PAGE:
Hillsborough High School’s senior class sundae is vanilla and chocolate ice cream, crushed Oreo cookies, rainbow sprinkles and hot fudge.
That’s not all. The junior class—twist and chocolate ice cream with cookie dough bites, M&Ms and black and yellow sprinkles— has a sundae too, as do the sophomore—vanilla and chocolate chip ice creams with crushed Oreos, Thin Mint girl scout cookies and green sprinkles, and hot fudge— and freshman—chocolate and cookie dough ice creams with crushed Oreos, brownie chunks and hot fudge—classes.
It’s all part of a fundraiser and competition hosted by Hillsborough ice cream shop Super Sundaes that will raise money for each of the high school classes, shop owner Jayne Mochnacz said.
“I’ve been involved with lots of fundraisers with the schools and have done days where a portion of sale proceeds go to the school,” she said. “One of my employees said, ‘if every one of our seniors came in, we could make $600.’ . . So I had every grade make a sundae and come in to try it.”
The classes were given a choice of two ice cream flavors and three toppings to create their sundaes, Mochnacz said. The class cabinets designed most of the sundaes, though she noted that another student working at the store designed the junior class sundae
The object of the fundraiser is to sell the sundaes—the cost is only $5 and the classes receive $1 of the money—and to beat everyone else’s sales total. Modeled after the reality TV show “Survivor”, the teams will be “eliminated” based on the sales tallies.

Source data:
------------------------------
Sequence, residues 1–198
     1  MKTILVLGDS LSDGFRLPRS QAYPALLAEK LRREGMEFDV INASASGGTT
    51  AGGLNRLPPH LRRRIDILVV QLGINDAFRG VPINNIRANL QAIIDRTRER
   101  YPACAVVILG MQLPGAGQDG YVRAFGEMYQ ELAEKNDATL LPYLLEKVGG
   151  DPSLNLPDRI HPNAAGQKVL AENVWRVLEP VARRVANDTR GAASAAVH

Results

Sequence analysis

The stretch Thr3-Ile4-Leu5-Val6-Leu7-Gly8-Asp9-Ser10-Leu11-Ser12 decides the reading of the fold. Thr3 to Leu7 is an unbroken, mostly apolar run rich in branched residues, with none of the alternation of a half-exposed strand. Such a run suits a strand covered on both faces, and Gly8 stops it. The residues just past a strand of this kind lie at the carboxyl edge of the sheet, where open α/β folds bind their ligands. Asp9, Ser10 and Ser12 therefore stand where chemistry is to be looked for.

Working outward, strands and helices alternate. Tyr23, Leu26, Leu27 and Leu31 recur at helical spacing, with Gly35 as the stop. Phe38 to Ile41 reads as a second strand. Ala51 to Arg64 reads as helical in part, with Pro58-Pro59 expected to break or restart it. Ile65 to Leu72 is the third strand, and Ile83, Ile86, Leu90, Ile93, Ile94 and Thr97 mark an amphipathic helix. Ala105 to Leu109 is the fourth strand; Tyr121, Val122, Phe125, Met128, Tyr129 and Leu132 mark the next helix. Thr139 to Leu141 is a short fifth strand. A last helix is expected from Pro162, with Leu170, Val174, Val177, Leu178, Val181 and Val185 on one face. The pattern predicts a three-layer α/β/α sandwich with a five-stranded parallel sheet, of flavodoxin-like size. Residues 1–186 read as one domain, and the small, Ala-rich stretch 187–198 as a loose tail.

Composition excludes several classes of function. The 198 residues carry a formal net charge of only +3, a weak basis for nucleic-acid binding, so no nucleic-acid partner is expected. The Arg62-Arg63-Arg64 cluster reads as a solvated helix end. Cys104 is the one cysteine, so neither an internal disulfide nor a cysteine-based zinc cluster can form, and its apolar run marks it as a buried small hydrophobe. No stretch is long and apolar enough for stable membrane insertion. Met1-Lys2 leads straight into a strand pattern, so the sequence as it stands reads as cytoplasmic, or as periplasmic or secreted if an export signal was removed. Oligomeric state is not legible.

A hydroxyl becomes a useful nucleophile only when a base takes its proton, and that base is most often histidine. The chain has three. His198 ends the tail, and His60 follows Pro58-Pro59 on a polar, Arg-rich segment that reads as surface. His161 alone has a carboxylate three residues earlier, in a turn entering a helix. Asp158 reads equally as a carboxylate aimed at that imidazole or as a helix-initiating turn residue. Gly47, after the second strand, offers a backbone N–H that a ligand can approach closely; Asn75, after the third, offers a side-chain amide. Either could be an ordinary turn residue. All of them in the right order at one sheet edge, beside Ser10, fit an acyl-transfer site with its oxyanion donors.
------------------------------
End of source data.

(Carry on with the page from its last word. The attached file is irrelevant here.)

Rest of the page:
Mochnacz was quick to point out that, though the teams are “eliminated” from the competition, the sundaes will still be available and the classes will continue to receive money based on their sundae sales.
“It’s not like they’re really eliminated,” she said. “They’re just out of the game.”
The classes that sell more sundaes than the total class population will see additional prize money too, she added.
The first elimination tally is set for Sunday and, thus far, the senior class is winning the competition, according to Mochnacz.
“I think more seniors have been able to get here to buy it,” she said. “With the regular customers, they have come in about equal. I think it’s just honestly been a greater turnout with people to support them.”
“The first week, I had 147 sundaes sold,” she added. “Of course, I would like a million sold, but I feel really good about that.”
Sundae sales started March 8 and conclude March 31, she said.
“I’m really happy to have come up with an idea that is different from your typical fundraiser,” she said. “In order to win, you have to come in and get the sundae. If everyone participates, it means great things for the school.”